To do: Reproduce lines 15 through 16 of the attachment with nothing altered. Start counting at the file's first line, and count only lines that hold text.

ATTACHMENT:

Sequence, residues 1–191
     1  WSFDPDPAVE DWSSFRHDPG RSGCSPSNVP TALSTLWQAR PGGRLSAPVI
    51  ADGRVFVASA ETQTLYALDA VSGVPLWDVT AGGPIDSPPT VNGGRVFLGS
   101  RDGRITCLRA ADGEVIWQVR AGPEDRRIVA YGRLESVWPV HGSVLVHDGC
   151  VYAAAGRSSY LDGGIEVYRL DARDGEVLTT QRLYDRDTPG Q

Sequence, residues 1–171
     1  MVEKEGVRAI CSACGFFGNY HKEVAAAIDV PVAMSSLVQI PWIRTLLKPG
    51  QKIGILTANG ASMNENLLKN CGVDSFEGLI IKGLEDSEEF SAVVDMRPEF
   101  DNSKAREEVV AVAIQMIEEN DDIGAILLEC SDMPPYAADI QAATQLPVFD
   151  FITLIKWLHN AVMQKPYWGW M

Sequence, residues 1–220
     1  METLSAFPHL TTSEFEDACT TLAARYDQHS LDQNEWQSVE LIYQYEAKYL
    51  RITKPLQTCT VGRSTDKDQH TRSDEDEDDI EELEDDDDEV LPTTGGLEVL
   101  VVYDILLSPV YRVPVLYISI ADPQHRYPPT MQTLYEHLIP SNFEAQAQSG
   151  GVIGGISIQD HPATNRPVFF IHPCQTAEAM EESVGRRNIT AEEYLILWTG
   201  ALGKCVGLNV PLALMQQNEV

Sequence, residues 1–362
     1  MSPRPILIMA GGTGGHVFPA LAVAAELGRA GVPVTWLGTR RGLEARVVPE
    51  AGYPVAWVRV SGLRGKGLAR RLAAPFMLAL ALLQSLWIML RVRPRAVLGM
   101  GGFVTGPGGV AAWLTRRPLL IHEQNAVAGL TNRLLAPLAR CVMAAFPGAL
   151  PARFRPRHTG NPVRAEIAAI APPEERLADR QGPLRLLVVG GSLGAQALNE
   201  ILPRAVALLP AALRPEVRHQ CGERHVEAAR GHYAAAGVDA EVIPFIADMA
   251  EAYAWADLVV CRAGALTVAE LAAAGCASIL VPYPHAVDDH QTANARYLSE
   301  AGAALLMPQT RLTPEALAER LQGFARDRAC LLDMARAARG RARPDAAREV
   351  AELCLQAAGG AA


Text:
   151  GVIGGISIQD HPATNRPVFF IHPCQTAEAM EESVGRRNIT AEEYLILWTG
   201  ALGKCVGLNV PLALMQQNEV